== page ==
Future biographers will undoubtedly be fascinated to learn that Chatterbox was swimming contentedly in the placid waters off Martha's Vineyard when the bombs began falling on terrorist bases in Afghanistan and Sudan. But as this arduous August is abundantly proving, there is no such thing as a day at the beach in the pundit business. The president was still in the air headed back to man the battle stations in Washington, when Chatterbox hit the computer primed to sagely opine, based solely on watching CNN for half an hour.
Nothing better symbolizes the beyond parody weirdness of contemporary life than the scene of Defense Secretary William Cohen being asked at his press conference on the air strikes whether he had seen the movie, Wag the Dog. We have now reached that long-awaited moment when the lines between reality and entertainment have permanently intersected. The old-time ad slogan, "Is it real or is it Memorex?" has ceased to be relevant. It's all one and the same in the fusion between truth and illusion.
Does anyone seriously believe that Bill Clinton was sitting with an alphabetical listing of the nations of the world trying to choose his diversionary targets? Albania? "Nah, too much like the movie, and anyway Kosova is a mess." Andorra? "Too small to be a threat." Austria? "Maybe if Kurt Waldheim were still its president." Afghanistan? "Bingo!"
But in an X-Files age, everything is a potential conspiracy. That indefatigable publicity hound, Pennsylvania Republican Senator Arlen Specter, quickly grabbed 10 minutes of TV time on CNN for a press conference in which he raised grave doubts about the timing of the attack on the terrorist bases. So what if Specter isn't a member of the Foreign Relations or the Armed Services Committees? So what if Specter admitted, "The only information I have is what the president said in a short statement"? A lack of facts is never a bar to mouthing off on national television, especially at a time when (surprise!) Specter is running for re-election.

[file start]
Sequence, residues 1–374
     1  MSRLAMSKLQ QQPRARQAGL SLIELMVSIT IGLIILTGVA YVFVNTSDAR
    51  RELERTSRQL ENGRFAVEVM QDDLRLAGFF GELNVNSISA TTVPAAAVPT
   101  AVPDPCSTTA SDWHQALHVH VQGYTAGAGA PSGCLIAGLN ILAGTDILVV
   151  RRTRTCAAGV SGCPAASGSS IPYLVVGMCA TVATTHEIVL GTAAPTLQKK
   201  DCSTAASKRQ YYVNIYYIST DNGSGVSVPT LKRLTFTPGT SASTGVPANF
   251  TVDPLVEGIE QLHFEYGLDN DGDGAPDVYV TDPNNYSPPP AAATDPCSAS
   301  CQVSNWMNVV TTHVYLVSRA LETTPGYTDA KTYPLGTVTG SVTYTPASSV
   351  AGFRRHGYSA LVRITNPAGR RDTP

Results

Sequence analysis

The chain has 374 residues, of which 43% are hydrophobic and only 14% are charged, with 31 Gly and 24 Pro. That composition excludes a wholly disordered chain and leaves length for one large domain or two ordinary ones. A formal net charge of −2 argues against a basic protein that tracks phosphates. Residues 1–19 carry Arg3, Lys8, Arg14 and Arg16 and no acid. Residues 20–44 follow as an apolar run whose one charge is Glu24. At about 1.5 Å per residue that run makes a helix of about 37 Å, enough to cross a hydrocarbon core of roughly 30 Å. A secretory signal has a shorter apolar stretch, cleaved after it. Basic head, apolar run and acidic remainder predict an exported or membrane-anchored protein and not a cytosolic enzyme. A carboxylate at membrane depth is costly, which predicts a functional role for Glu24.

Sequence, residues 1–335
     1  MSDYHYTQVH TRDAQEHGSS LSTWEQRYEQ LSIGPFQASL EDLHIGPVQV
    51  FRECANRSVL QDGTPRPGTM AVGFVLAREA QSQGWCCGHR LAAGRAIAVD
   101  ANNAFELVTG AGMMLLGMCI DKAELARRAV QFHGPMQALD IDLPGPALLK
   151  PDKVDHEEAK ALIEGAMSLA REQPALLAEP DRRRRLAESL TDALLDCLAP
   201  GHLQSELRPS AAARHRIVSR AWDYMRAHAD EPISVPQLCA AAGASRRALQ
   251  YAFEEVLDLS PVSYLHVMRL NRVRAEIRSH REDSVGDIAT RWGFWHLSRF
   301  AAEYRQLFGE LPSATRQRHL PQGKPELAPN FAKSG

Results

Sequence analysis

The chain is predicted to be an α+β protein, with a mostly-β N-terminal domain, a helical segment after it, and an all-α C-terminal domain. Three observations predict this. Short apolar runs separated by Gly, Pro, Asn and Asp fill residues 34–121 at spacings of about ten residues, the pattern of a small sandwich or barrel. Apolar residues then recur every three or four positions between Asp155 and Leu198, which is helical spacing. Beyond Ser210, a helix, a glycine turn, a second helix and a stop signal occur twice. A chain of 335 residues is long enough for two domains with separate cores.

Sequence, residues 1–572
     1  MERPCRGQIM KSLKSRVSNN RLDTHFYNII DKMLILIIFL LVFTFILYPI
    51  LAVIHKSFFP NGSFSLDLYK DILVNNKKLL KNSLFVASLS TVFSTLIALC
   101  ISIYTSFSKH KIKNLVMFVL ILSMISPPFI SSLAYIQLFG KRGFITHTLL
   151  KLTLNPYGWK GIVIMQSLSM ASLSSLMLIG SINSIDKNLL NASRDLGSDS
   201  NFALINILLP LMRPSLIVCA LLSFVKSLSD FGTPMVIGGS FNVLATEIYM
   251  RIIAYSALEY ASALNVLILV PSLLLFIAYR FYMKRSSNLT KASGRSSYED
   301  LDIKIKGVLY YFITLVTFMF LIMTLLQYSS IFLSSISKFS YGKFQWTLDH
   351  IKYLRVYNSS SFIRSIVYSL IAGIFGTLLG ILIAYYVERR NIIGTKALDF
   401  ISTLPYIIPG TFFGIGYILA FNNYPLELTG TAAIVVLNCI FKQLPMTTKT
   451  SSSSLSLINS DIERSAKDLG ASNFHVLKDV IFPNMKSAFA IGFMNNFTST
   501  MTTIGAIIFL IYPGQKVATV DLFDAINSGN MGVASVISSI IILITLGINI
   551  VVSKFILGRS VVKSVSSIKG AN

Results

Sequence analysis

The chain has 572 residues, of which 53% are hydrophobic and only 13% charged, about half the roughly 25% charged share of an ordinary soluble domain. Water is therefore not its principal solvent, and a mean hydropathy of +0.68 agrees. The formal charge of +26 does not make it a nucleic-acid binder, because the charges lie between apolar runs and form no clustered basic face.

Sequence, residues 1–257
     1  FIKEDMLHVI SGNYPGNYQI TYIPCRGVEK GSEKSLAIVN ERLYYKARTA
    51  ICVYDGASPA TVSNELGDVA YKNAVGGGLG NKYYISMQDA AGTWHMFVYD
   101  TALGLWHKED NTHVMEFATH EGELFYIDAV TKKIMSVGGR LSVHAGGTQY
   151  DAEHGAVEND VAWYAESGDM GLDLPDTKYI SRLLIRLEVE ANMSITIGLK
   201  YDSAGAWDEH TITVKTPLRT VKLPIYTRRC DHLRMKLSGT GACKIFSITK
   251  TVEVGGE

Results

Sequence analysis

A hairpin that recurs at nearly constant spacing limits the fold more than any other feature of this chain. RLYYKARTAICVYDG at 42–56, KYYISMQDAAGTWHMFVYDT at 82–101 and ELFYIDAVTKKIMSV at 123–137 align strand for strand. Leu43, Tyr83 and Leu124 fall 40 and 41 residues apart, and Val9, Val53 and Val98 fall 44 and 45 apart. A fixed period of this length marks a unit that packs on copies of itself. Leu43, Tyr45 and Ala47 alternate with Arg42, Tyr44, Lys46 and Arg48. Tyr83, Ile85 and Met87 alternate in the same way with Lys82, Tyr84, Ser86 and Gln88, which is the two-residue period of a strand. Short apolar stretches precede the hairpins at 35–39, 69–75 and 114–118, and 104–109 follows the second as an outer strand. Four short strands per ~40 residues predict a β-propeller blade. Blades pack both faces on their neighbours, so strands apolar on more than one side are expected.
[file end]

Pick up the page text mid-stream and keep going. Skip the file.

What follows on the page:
Sure, the air attacks were politically convenient for our embattled president. But that doesn't mean that the raids were contrived. Too many career officials at the Pentagon and on the national-security staff at the White House were privy to the secret deliberations leading up to the launching of cruise missiles. It strains credulity to believe that they would risk their careers to participate in a trumped-up military exercise solely designed to let Clinton seem presidential. Even Richard Nixon at the end of his tether wasn't that cynical.
It was telling that John McCain, who is admittedly Chatterbox's favorite Republican, went on CNN to say, "I think the president did the right thing." Critics like Specter are already sneering that there was no need for Clinton to interrupt his fun-filled vacation to rush back to Washington. But all presidents--save Ronald "Don't Wake Me When We're Bombing Libya" Reagan--relish the breathless atmospherics of crisis. In a week when everyone is rightly toting up Clinton's sins, commandeering Air Force One for a flight to Washington does seem like a ludicrously minor infraction.
Still, Chatterbox can't help thinking about the lonely president deciding in the wee small hours of the morning to give his okay to the attack plans. What an evening it must have been for Clinton. His 52nd birthday festivities last night at Chez Vernon Jordan sound like the dinner party from hell. Imagine lifting a celebratory glass with the wife you betrayed and the best friend who just may have sold you out to the grand jury. That's one scene that not even the creators of Wag the Dog would have had the black humor and the fictional imagination to invent.